My curiosity was piqued by a line in a previous post about never having felt “at home” anywhere in the world. And I began to wonder again about all those notions of home that haunt us, how much home is a part of our collective mythology, marketing’s imagery, societal constructs and each person’s own concept of a mini-nirvana – the hope for a place where we can be fully ourselves…

And I wonder what it is that makes someone feel like a pariah in their homeland? Whence that dissatisfaction, that itch to see how those elsewhere go about this business of existence? Is it mere curiosity or a deeper need of displacement?

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Having lived significant amounts of time in the States, England and now New Zealand, I have inherited a weird mix of colloquialisms and phrases. I am often unsure of where I even originally picked up certain words.

If I said to you: “Can you suss it out for me?” or “I need to get it sussed,” would the Americans among you understand this? You could probably figure it out from the context, but is “suss” a word you would use? I think I probably picked that one up in the UK, but I can’t really remember now.

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Riding on the Metrooooo.

Tuesday, I got brave. I faced my fears of getting lost and pickpockets (actually, I wasn’t afraid of the latter until my other half continuously warned me of them, that nerd), and headed into the big city. I took the train, which wasn’t intimidating (although the huge sound that bounces back at you when you pass a train going in the opposite direction made me jump every time), but upon my arrival in Paris came the make it or break it moment…

The Metro.

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Mongolia is a strange place to be coming home to. Even when you think you’re prepared for the craziness (and in fact when that’s precisely what you’ve been missing), you’re not really prepared for the craziness. It constantly takes you off guard. Can a place like that ever really be home to an outsider?
Ulaanbaatar is in a state of panic – but panic pure Mongol-style, ie. totally inappropriate, illogical and likely to blow over in a week. Despite being still fragile after the two-day overland obstacle course through the seventh circle of hell, or Inner Mongolia (see my site for gruesome details), I am falling over laughing at the stringent anti-SARS measures, which include dodgy handmade surgical masks, gum boots, swimming goggles and the closure of all hospitals.
All open air markets have been closed but all indoor food markets are doing a roaring trade – indoors the food is kinda protected and there’s less, like, air, right?
The people who stand on the street with satellite phones wrapped in felt have now branched into selling surgical masks as a sideline. They’ve found their niche market, as all the chemists have sold out of face masks. I love the incompetence.
But this is the country where roosters lay eggs and people eat them, so nothing less should be expected. And for the moment, it’s home. Which means a bed in a room, music, work and some good people. A knowledge of the best back streets in town, the hidden temples. Shopkeepers who know me, people who worry about me.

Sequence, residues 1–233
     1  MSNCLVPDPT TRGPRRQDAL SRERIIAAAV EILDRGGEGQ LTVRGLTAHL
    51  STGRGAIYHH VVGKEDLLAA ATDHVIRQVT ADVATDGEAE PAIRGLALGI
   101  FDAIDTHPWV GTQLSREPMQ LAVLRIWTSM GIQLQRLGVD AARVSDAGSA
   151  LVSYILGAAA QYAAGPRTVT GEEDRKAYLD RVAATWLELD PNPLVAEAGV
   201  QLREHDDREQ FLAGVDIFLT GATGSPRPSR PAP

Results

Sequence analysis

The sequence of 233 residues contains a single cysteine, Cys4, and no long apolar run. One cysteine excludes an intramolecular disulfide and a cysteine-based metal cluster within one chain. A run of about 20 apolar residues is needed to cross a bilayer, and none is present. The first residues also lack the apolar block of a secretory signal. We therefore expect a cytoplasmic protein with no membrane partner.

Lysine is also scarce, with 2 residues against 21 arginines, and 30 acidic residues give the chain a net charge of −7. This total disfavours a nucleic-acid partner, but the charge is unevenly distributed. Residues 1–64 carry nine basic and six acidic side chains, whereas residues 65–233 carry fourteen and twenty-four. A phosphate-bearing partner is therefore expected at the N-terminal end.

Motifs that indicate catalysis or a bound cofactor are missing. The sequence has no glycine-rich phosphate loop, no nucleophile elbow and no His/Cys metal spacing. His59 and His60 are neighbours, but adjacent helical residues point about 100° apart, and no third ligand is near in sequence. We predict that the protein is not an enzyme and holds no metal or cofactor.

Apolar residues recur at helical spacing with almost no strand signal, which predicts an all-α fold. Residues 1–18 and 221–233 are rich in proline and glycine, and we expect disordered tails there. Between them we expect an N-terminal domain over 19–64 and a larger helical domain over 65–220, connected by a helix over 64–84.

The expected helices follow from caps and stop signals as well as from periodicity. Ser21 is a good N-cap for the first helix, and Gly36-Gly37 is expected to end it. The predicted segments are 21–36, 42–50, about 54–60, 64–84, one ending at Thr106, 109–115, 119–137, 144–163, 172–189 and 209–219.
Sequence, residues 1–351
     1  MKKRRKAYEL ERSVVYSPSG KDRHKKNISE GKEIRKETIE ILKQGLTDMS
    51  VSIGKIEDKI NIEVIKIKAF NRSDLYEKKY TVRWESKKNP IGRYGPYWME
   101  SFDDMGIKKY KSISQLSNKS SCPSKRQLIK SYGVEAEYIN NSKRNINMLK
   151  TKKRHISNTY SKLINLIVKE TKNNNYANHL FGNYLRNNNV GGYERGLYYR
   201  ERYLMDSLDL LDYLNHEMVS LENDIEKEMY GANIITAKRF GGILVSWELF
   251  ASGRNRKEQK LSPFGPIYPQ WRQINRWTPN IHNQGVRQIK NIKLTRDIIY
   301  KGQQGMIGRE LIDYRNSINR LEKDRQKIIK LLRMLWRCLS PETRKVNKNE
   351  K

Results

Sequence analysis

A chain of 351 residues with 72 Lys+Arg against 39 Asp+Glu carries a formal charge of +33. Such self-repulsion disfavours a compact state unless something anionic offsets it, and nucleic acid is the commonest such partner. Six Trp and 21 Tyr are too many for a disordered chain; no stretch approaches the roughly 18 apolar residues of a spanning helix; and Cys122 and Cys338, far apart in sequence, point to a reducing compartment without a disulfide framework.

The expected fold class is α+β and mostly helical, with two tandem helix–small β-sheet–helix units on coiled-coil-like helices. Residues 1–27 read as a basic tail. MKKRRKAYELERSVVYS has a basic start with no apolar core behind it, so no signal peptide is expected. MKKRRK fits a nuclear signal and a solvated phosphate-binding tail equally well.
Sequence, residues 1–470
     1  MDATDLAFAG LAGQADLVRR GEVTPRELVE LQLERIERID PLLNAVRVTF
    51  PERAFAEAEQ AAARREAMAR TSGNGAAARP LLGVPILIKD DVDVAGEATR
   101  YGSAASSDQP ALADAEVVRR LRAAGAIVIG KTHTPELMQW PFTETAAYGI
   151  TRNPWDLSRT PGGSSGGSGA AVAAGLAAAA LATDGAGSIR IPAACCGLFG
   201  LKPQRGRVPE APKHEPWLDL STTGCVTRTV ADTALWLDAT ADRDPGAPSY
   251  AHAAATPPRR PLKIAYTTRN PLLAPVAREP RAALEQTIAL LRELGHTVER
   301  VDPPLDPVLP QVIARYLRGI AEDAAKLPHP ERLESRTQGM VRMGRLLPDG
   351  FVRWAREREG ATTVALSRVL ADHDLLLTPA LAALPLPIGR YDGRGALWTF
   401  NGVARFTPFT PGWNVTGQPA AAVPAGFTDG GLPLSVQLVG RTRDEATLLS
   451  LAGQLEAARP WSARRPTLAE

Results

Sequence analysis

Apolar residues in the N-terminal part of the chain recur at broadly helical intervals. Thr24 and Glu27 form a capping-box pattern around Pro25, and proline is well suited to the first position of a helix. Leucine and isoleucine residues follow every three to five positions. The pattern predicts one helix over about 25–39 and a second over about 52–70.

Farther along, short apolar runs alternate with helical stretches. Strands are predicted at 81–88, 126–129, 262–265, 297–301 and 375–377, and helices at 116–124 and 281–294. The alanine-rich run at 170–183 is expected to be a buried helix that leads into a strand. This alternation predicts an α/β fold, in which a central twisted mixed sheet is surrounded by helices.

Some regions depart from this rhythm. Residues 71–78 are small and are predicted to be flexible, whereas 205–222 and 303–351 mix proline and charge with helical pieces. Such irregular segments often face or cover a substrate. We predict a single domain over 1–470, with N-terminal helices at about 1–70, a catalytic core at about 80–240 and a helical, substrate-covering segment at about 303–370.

I don’t quite know what people look for or need in a home. I do know that some people have a hard time accepting that the place I was born is not the place I want to call home forever and ever.
As much as I don’t want to live there anymore, I still pine for it, regularly. I yearn for a quiet empty beach, a storm in the afternoon, to walk in the bush with my dog, to sit in the same room as any member of my family. To be understood, easily and effortlessly – someone understanding immediately where I’m from, the things I grew up with, how to make me laugh.
Maybe everyone has a grass-is-greener syndrome. Maybe it’s just something that mellows with time. But maybe it never totally goes away.

Fun with accents

I’m losing my Dutch accent, but I still have quite a bit of it. I especially have trouble with the ‘th’ sound, as in ‘thirty’. But to be honest, I’m not trying too hard either. Sometimes, this leads to funny situations.
Last year, my wife and I went to see a movie with a friend of ours. While one was buying tickets and the other went to the bathroom, I was at the concession stand buying drinks and popcorn.
“I’ll have a Pepsi, a Diet Pepsi, a Mountain Dew and three popcorns, I said. The girl behind the stand was looking at me kind of funny, like I insulted her and she didn’t know how to respond. She proceeded filling the cups and then asked “and what else did you want again?”
“Ehm…three popcorn”, I said. After another weird look and 2 seconds of silence she answered “I’m sorry sir, but you’ll have to pay for the popcorn”.

Ever since that day I started holding up three fingers in situations where I had to specify “3” “)

Trip To Melaka, Part I

I went to Melaka yesterday.

It was a business trip, to visiting some potential customers. I went with two guys from my office.

One of the guys, I’ll call him Charlie, did the driving. Charlie drives an Alfa Romeo. I don’t know the model or the engine size, but it’s a sporty looking silver car.

I should have realised something was amiss as soon as I saw the car. Red leather interior. Big stereo with lots of flashy buttons and bright coloured lights, like a little space ship. Sports package gear box.

Boy racer car.

My other colleage immediately took the back seat and fastened his seatbelt. I clambered into the front passenger seat.

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